Finding a home and buying it sounds very easy. You’ve already had car loans. How much different can it be to buy a home? If you’ve had these same thoughts, you’re in for a real surprise! Buying a home can be very complicated, particularly if you don’t know what you’re doing. Whether you’re a first-time home buyer in Maple Ridge or are doing it for the second or third time, this is the largest transaction you’ll make in your lifetime and you want it to be as error-free as possible. Whether you hire a good loan officer, a mortgage broker, real estate agent or an attorney, hire some sort of professional who deals in home buying. If you’re unfamiliar with the person you’re hiring, ask for references. If you have family or friends who have used these professionals, ask for feedback.
Focusing too much on interest rates
When you’re applying for a mortgage and searching for potential lenders, the most important thing is probably going to be low-interest rates. Interest rates are very important, particularly when you’re talking about thousands of dollars and many years of payments. For instance, if you’re borrowing $150,000 with an interest rate of 4%, you’re going to pay a lot more than a mortgage with a 3.5% interest rate. It may not seem like a lot but over a 20-30 year span, it’s thousands of dollars. With interest rates fluctuating and at an all-time low, you’re going to want to choose the one that offers the lowest interest rate. This could be a mistake. There are other things that are almost as important as interest rates when applying for a mortgage loan. Be familiar with the types of mortgages available (fixed rate, variable rate, etc) and know what the lender is offering you. Ask about the amortization period and any payment options they offer.
Not getting a home inspection
In a perfect world, everyone is honest and trustworthy. Unfortunately, this is not always the case, particularly in the home market where sometimes homeowners are so eager to dump their home so they can buy another, they tend to be less than scrupulous. Never buy a home or agree to buy a home without first having a home inspection. It may cost you money, but the money it can save you in possible repairs down the road can be astronomical. If the seller hasn’t already had a home inspection done, suggest it to them and let them know that any offer you’re making is contingent on the results of the home inspection. If the seller has had a home inspection done on the home, make sure it’s done by a reputable and certified home inspection agent. You can find out about information on inspectors through the American Society of Home Inspectors. If they tell you they’ve had an inspection done by a friend or relative who just happens to be a contractor or carpenter, insist that it be done by a true home inspector, or have it done yourself.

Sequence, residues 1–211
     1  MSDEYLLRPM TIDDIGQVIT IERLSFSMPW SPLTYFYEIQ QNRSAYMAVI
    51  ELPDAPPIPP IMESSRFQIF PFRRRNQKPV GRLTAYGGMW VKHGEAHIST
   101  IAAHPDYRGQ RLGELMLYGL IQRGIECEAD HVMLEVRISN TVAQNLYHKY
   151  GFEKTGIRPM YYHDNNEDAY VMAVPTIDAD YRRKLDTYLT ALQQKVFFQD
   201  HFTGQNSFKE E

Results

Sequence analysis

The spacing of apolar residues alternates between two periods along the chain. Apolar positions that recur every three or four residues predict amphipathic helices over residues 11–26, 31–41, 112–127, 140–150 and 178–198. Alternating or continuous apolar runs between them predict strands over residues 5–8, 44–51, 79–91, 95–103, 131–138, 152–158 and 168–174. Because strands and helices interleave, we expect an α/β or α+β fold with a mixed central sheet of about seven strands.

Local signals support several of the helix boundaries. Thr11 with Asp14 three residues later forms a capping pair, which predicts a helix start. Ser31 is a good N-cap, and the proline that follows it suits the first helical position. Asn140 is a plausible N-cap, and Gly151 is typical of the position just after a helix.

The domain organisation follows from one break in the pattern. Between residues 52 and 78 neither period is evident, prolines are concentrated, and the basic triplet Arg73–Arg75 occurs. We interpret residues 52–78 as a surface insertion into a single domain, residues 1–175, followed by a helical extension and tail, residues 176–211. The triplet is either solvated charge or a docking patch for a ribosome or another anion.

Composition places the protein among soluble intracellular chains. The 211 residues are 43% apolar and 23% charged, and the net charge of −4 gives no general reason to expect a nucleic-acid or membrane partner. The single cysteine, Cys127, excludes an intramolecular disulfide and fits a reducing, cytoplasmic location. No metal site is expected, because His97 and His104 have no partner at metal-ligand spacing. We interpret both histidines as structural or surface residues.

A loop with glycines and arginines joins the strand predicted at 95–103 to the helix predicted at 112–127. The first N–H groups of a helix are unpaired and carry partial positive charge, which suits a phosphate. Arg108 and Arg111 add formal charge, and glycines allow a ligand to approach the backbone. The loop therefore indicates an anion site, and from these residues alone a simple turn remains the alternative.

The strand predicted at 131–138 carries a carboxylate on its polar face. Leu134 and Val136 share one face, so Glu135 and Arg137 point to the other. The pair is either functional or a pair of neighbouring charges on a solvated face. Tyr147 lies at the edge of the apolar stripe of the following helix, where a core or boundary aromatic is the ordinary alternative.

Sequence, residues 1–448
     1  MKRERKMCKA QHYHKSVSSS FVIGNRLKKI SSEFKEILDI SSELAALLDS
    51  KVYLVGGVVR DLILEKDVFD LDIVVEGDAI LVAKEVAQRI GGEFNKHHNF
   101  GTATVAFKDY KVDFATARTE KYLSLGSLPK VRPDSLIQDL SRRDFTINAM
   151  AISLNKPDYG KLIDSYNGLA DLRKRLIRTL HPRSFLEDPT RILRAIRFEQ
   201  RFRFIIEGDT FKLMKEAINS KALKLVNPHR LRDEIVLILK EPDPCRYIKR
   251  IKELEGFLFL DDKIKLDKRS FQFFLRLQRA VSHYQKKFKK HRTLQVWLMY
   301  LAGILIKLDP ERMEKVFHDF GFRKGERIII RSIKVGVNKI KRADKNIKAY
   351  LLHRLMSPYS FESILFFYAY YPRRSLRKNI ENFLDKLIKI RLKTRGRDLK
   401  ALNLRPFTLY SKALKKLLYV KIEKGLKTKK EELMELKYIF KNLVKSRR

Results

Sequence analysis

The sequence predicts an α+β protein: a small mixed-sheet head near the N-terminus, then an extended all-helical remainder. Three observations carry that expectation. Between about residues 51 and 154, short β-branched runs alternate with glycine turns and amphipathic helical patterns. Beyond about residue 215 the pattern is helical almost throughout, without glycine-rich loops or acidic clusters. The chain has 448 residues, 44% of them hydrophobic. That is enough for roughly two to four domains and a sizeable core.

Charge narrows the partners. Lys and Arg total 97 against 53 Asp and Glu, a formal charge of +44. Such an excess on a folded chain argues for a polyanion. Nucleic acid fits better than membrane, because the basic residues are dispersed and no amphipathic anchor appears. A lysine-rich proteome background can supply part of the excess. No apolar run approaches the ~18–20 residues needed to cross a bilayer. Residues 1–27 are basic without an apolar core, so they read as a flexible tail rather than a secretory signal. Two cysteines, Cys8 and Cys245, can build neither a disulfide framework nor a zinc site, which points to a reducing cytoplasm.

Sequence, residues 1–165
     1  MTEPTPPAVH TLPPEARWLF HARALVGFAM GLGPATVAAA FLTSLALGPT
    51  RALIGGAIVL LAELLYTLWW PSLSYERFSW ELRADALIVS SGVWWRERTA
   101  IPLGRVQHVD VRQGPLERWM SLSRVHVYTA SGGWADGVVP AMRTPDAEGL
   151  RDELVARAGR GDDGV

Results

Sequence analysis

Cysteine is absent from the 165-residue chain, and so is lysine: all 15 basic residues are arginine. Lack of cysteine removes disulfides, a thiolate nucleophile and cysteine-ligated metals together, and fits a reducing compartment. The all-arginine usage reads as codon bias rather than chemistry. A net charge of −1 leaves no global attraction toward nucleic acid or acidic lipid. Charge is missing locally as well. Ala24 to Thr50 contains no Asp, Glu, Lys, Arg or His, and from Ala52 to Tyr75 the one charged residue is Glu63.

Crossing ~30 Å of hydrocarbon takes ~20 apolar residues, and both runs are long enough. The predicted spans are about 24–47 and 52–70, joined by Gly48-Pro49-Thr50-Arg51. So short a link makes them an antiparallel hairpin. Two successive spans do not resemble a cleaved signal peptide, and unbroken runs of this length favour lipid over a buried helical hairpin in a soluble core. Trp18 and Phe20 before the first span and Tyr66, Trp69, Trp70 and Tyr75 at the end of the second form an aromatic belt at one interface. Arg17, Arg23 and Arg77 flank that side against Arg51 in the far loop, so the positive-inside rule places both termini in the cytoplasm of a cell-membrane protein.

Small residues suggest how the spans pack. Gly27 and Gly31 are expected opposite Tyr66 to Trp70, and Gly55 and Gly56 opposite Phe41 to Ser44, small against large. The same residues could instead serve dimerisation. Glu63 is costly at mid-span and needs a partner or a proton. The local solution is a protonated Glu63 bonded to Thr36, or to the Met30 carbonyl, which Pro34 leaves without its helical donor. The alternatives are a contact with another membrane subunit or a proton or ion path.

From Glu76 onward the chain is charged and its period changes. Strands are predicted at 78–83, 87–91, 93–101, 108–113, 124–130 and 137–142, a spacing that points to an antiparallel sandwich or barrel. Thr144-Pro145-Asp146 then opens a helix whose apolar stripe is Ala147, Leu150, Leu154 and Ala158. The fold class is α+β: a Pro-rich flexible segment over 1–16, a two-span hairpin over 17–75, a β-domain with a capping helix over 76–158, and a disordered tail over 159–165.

Buying real estate in Maple Ridge BC, particularly for the first time, can be a very exciting experience. However, it can also be a stressful time if you’re going into the process uneducated and inexperienced. Hopefully, this article doesn’t intimidate you or make you fearful of the whole home-buying process, but if you require more information you should check out the Cardas Mugridge Maple Ridge real estate Facebook page.